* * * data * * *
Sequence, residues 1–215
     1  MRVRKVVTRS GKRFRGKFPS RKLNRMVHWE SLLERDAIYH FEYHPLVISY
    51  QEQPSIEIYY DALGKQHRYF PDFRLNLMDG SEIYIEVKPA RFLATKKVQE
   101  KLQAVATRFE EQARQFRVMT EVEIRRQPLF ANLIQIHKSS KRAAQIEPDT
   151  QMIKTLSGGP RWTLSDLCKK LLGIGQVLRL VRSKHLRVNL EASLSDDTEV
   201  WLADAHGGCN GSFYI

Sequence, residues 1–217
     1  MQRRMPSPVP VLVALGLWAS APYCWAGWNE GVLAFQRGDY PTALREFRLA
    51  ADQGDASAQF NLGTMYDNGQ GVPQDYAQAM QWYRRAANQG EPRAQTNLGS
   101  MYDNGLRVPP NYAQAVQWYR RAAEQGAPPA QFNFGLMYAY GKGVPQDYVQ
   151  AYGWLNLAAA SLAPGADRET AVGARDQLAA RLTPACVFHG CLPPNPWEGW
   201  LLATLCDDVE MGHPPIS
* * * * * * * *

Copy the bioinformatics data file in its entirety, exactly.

Sequence, residues 1–215
     1  MRVRKVVTRS GKRFRGKFPS RKLNRMVHWE SLLERDAIYH FEYHPLVISY
    51  QEQPSIEIYY DALGKQHRYF PDFRLNLMDG SEIYIEVKPA RFLATKKVQE
   101  KLQAVATRFE EQARQFRVMT EVEIRRQPLF ANLIQIHKSS KRAAQIEPDT
   151  QMIKTLSGGP RWTLSDLCKK LLGIGQVLRL VRSKHLRVNL EASLSDDTEV
   201  WLADAHGGCN GSFYI

Sequence, residues 1–217
     1  MQRRMPSPVP VLVALGLWAS APYCWAGWNE GVLAFQRGDY PTALREFRLA
    51  ADQGDASAQF NLGTMYDNGQ GVPQDYAQAM QWYRRAANQG EPRAQTNLGS
   101  MYDNGLRVPP NYAQAVQWYR RAAEQGAPPA QFNFGLMYAY GKGVPQDYVQ
   151  AYGWLNLAAA SLAPGADRET AVGARDQLAA RLTPACVFHG CLPPNPWEGW
   201  LLATLCDDVE MGHPPIS